Today, it is easy to see why a character blamed for being attacked would be sympathised with. Victims are often blamed, asked how they invited the attention of their attackers. The public view is also unsympathetic: “An exclusive survey conducted for The Independent found 55 per cent of men believed that “the more revealing the clothes a woman wears, the more likely it is that she will be harassed or assaulted” and that “41 per cent of female respondents [subscribe] to the view that revealing clothing invites unwanted sexual advances.” The view is that a woman seems to invite sexual advances, simply through her being. This is what happened to Medusa, her beauty “tempted” Poseidon. She was punished, yet he was not.

The Roman story dramatically changed the way the story was told; no longer is Medusa a terrifying Gorgon queen, instead, she is a woman, who was attacked in a violent and sexual manner, and was then the subject of victim blaming and persecution by what should have been a supporting and caring figure in the fellow woman Athena. With victims being blamed by those around them, and the institutions designed to help them seeming not to believe victims, many feel a parallel; the police should help modern victims, and we should support victims, and Athena, who should have protected her devotee, instead damned her, and forced her to exile.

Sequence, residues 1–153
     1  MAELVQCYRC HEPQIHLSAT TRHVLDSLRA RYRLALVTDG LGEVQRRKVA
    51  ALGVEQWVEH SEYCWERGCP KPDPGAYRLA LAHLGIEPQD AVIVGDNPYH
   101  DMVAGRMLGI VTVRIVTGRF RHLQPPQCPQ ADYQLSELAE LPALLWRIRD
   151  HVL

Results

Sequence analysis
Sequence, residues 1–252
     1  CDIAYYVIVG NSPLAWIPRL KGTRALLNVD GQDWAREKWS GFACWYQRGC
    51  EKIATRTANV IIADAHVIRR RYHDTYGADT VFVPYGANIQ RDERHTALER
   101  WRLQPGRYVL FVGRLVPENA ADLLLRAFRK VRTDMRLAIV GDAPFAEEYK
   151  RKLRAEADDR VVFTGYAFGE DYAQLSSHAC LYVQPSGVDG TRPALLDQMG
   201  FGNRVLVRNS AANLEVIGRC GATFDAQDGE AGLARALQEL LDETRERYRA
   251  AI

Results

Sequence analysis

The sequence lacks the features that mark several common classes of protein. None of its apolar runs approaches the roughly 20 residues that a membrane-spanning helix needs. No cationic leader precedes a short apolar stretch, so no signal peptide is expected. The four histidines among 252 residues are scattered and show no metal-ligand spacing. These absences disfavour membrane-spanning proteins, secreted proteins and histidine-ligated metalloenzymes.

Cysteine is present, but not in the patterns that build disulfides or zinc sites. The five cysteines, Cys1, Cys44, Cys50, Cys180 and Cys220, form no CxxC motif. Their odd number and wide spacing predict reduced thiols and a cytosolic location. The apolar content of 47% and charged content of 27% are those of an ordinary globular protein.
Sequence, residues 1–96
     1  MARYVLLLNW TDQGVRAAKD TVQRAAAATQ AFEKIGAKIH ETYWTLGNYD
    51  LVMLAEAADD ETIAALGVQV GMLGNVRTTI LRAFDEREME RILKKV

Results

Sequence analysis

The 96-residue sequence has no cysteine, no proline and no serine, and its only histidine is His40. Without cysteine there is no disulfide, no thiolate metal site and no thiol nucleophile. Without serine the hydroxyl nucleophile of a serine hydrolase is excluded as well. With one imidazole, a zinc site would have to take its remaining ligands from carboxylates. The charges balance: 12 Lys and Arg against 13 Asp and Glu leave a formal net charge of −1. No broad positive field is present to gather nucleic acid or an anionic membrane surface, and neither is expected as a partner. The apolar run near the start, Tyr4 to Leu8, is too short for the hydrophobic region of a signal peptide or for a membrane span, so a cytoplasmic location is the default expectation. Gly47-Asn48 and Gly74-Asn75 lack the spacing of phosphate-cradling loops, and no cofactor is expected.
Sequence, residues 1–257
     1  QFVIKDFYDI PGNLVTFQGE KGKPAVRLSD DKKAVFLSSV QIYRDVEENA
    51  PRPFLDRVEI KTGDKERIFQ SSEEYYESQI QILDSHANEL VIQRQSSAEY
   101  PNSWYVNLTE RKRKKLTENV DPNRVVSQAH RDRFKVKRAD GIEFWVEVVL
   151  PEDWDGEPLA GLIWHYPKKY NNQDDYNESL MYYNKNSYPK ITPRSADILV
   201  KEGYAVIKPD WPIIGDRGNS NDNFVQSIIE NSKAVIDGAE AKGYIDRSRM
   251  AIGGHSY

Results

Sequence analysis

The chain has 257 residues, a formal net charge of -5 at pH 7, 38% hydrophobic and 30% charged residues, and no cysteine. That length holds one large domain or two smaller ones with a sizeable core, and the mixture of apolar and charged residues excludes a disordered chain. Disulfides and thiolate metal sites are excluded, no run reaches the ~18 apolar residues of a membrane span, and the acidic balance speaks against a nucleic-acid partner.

Medusa has become an icon of what many victims wish they were, and as an inspiration to those who are fearful. Medusa had, after her “curse,” the power to stop any aggressor and had ultimate power over her interactions with others. One could not even look at a gorgon without being turned to stone. Being able to stop any potential attacker would bring a great sense of peace to one’s mind and an explanation for using Medusa as a figure of inspiration.

Gorgons were once symbolic especially to women as creatures that had the power to stop even a god from looking at them without their permission, however a focus on the male character Perseus instead of Medusa has become popular in almost all popular accounts. This refocussing shifts the attention from women, victimhood, and the safety of a victim, to the concept of men, power, and violent dominance. This is a common issue in education; history is taught with a focus on men at the expense of women’s history. It is only through the more modern interpretation refocussing on Medusa’s victimhood and the concept of victim blaming or being empowered by another woman (dependent on Athena’s perceived role) that this myth has been reclaimed by modern women.